Kindness or mindless?
Pierre Berget is founder and creative director of Paris-based branding agency Be Dandy. He argues there's too much goodness in a world of bad eggs. If every brand wants to save the planet then they may end up boring us to death. He questions whether good intentions make for good strategies.
Don't make waves, don't rock the boat. Those are the rules if you want to stay afloat. All kinds of crises and issues have made ‘anxiety’ part of our everyday vocabulary. And brands have stuffed themselves into the gap in the market for kindness. The word is as over-used as it is omnipresent, no matter the industry. Being good to people, taking care of our environment, being kind to ourselves, helping others... For all their good intentions, what do they tell us about the brands and their reality?
True kindness is having common sense rather than the right attitude. Knowing how to keep away from trends, even if it's divisive. Bringing audiences projects with body and personality. Showing your true colours, putting your beliefs into action rather than following the crowd. Apple didn't apologise for sweeping the rug from under Microsoft's feet. A lot of fiery claims and speeches were made without ever being disrespectful. The friction sparked creativity and brought exciting concepts to life. Going against the grain, if the trend doesn't fit the brand, is a good way to be noticed and be heard. You need to have courage in your convictions if you want your community to join you. That way everyone can do their bit to change the world.
Some industries are indecipherable because they've spent so long doing what's expected of them and making the same trendy pledges. Everyone in finance, from M Capital to BlackRock, is promoting responsible investment. These businesses are showcasing their social and environmental values. As if just being decent during a crisis deserved a medal. Is showing off about it appropriate? Being responsible nowadays isn't a brand position and it definitely doesn't reflect character: it's the basic minimum new generations expect of us. Unfortunately, we're jumping on the bandwagon and forgetting what fuelled the brand in the first place.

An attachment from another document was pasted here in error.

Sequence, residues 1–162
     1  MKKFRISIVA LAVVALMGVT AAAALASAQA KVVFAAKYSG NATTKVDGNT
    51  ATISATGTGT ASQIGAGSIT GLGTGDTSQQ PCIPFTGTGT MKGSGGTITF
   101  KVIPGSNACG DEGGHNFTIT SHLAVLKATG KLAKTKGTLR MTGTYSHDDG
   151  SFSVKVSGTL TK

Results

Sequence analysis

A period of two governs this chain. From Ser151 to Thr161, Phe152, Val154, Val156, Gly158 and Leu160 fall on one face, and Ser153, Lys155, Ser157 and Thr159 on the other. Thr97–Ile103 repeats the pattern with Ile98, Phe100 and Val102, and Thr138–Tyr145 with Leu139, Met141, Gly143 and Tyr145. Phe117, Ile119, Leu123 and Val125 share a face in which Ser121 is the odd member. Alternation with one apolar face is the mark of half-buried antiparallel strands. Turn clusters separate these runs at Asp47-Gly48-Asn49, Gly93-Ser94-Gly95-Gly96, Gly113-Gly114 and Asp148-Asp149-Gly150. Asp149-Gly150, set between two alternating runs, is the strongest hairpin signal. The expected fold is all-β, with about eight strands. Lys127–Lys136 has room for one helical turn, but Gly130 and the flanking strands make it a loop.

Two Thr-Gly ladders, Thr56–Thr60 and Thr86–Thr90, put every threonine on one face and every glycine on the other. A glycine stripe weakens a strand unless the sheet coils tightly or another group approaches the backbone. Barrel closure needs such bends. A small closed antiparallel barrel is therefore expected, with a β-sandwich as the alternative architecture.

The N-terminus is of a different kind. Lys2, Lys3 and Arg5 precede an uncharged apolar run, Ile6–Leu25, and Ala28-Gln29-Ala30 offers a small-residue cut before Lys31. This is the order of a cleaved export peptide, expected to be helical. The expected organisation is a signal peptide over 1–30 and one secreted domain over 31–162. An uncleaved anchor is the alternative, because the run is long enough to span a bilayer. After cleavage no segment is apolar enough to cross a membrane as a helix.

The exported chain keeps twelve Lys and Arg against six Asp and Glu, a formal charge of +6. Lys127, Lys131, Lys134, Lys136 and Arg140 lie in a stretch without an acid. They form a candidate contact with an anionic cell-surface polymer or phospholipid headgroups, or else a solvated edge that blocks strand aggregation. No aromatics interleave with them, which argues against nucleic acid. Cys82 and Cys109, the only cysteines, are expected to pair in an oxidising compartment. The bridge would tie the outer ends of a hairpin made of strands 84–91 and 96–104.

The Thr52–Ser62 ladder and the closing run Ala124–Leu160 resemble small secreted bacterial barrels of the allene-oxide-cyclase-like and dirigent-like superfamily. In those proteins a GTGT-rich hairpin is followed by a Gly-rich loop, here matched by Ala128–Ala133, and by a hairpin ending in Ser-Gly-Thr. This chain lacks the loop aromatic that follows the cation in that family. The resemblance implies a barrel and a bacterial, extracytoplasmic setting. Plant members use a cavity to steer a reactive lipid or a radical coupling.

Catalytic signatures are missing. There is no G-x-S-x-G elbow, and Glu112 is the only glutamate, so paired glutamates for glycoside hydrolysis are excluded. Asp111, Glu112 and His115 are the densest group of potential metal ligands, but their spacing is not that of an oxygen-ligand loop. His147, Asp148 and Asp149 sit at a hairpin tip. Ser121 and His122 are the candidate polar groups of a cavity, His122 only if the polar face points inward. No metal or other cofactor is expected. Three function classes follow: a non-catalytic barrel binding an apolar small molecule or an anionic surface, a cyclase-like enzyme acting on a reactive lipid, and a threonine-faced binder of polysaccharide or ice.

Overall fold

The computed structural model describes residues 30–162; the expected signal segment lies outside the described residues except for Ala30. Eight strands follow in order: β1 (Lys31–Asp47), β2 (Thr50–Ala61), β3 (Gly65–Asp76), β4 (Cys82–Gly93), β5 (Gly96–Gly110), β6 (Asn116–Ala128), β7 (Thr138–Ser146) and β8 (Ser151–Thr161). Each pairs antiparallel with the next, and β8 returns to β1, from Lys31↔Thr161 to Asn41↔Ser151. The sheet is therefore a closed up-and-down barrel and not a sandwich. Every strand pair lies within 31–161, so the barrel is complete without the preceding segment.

Novaxia is going against the grain in this very area. As a pioneer in urban transformation, they design and make financial products to empower the city. Inventing new office and housing models, promoting never-before-seen diversity, focusing on regeneration rather than demolition, building avant-garde science laboratories. Their projects reflect their motto, ‘oser l'inhabituel’ (dare to be different), rather than flatly promoting their ethics. That said, Novaxia is a company that has a real social and environmental focus. All its investment vehicles are approved as ISR (Socially Responsible Investment). Its game-changing strategy is worlds away from greenwashing; it has turned the industry on its head but has always stayed true to its roots. Novaxia was founded 15 years ago and is going from strength to strength.
Having a secure position and focusing on questioning schools of thought rather than bolstering them is what makes a long-lasting relationship. We can counter mainstream communication by creating a real and honest brand territory. A glossy brand will always see its audience move towards a brand that may be less polished but is, more importantly, more human. That's what the branding's rough patches are for: to give us something to hold onto.